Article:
WASHINGTON -- In response to persistent criticism from Congress and consumer groups about veterinary drug residues in milk, the Food and Drug Administration said yesterday that starting early next year it will begin the first national program for regular random testing of milk.
The aim of the new program will be to detect antibiotics and sulfa drugs. The agency said that it has chosen 250 of the largest milk processing plants around the country and that beginning as early as February it will randomly draw samples each week from milk tanker trucks arriving at five of the plants from dairy farms.
The move was welcomed by the dairy industry but was denounced as insufficient by a leading consumer group and by a frequent critic of the federal agency, Representative Ted Weiss, D-N.Y.
Dr. Gerald B. Guest, director of the agency's Center for Veterinary Medicine, said the government was most concerned about milk contain
ing eight types of sulfa drugs and three types of tetracycline, all of which are widely used by dairy farmers to fight bacterial infections of the lungs and udders in their animals.
These drugs are currently legal for use in dairy animals. But the government bars all except one of them from being present in a cow's system when it is giving milk. The only exception is sulfadimethoxine, whose concentrations in milk are limited by federal regulation.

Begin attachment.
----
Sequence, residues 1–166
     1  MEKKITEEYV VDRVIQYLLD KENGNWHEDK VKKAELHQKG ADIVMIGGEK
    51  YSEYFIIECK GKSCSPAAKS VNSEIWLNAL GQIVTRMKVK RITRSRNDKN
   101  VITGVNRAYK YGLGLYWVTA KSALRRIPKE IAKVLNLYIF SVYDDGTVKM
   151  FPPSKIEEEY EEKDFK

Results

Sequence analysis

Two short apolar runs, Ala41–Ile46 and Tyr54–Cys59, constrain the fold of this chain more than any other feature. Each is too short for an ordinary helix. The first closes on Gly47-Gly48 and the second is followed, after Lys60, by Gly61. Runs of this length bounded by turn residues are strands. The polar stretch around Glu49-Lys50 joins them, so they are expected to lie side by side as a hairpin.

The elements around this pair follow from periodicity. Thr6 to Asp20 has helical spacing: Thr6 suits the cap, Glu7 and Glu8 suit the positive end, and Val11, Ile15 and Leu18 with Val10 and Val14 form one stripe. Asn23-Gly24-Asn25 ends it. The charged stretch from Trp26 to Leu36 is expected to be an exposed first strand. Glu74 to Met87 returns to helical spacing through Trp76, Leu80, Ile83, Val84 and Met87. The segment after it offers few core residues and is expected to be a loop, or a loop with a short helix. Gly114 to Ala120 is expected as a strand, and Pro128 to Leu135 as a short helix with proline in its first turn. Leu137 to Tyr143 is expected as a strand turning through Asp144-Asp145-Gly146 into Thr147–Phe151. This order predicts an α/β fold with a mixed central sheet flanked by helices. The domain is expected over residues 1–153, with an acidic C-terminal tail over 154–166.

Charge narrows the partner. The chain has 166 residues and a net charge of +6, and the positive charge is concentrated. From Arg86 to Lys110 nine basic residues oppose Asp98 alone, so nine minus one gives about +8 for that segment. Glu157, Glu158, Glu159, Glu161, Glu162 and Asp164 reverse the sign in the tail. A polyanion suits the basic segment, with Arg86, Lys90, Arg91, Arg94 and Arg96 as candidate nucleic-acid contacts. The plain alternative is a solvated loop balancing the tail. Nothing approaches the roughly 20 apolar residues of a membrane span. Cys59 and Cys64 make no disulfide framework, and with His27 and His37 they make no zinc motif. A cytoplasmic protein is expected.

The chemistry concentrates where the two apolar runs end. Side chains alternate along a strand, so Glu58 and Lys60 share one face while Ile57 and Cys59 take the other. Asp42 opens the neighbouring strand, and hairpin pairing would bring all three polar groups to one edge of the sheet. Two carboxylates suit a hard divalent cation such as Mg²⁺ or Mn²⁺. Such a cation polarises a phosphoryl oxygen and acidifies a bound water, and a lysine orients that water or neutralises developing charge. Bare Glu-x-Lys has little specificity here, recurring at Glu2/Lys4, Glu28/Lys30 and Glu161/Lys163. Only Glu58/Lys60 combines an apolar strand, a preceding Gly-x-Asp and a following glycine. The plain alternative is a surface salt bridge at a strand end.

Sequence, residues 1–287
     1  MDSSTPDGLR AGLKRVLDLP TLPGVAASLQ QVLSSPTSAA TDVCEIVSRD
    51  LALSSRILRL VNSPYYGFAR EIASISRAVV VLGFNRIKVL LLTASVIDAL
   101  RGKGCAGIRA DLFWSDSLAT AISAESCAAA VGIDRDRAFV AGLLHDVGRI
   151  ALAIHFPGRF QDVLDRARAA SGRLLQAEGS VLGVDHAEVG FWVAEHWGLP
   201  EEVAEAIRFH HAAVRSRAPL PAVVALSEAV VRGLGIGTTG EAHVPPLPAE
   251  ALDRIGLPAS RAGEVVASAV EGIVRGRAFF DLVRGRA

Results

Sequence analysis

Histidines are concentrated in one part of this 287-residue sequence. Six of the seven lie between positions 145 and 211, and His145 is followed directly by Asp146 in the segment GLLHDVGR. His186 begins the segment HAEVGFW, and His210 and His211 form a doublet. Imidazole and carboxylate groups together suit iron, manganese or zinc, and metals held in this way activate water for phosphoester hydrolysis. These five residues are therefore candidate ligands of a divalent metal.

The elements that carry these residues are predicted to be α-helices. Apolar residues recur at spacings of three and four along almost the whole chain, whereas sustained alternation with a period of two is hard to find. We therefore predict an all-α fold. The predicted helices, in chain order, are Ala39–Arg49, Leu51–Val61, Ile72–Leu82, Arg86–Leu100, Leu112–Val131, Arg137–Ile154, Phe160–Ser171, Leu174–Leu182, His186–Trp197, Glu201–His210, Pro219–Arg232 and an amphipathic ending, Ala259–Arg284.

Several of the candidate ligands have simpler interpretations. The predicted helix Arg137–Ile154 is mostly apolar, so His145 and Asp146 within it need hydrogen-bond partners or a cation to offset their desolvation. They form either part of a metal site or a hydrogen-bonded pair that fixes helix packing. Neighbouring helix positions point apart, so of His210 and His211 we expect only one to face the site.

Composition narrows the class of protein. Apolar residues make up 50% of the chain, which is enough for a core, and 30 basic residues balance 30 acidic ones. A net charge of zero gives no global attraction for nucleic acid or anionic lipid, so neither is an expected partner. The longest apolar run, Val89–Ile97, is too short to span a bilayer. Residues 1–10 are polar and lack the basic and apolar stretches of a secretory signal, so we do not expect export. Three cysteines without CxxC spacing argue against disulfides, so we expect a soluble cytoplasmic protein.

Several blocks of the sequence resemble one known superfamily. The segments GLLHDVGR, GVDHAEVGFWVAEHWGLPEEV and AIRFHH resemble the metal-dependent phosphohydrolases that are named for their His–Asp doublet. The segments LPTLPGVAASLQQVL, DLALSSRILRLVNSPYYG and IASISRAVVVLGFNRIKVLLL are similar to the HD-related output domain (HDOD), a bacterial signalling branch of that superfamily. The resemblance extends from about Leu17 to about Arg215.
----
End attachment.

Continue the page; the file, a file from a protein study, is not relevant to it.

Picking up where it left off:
The drugs have been widely detected in earlier spot surveys of milk. At least one of them, sulfamethazine, has been shown to cause cancer in laboratory animals when administered in large doses.
Until now, the burden of testing milk for safety has fallen on the states and the dairy industry itself.
"The states look primarily for penicillin and penicillin-like drugs. We're going to use new detection methods to look for other drugs, because they aren't being routinely looked for and they have the potential for being widely used," Dr. Guest said.
A spokesman for the National Milk Producers Federation in Alexandria, Va., said farmers supported the new testing program.
But Representative Weiss said the new project was an insignificant attempt to quell public anxiety about the safety of milk.
"Testing five milk samples per week means that each processing location in FDA's program will be visited only once a year," Mr. Weiss said. "FDA's attempt to describe this as a nationwide program is ludicrous."